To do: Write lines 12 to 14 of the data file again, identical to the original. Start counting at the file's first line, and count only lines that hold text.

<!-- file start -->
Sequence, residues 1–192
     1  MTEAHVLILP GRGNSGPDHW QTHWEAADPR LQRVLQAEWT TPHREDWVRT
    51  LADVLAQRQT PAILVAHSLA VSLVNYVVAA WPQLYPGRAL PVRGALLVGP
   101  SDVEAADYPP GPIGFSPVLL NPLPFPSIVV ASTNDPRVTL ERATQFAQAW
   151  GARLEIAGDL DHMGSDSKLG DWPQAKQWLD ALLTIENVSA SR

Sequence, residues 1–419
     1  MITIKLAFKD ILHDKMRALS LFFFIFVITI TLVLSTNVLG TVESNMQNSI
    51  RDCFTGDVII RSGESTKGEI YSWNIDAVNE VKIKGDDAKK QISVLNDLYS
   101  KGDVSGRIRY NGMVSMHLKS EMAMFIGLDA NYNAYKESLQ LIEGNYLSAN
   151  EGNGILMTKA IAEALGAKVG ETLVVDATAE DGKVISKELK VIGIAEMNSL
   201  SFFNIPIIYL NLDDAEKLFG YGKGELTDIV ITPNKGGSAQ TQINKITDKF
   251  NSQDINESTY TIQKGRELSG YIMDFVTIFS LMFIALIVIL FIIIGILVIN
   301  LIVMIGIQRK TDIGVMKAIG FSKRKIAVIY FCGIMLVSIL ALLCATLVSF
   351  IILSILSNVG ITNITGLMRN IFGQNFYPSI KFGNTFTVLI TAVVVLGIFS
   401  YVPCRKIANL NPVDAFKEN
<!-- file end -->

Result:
   251  NSQDINESTY TIQKGRELSG YIMDFVTIFS LMFIALIVIL FIIIGILVIN
   301  LIVMIGIQRK TDIGVMKAIG FSKRKIAVIY FCGIMLVSIL ALLCATLVSF
   351  IILSILSNVG ITNITGLMRN IFGQNFYPSI KFGNTFTVLI TAVVVLGIFS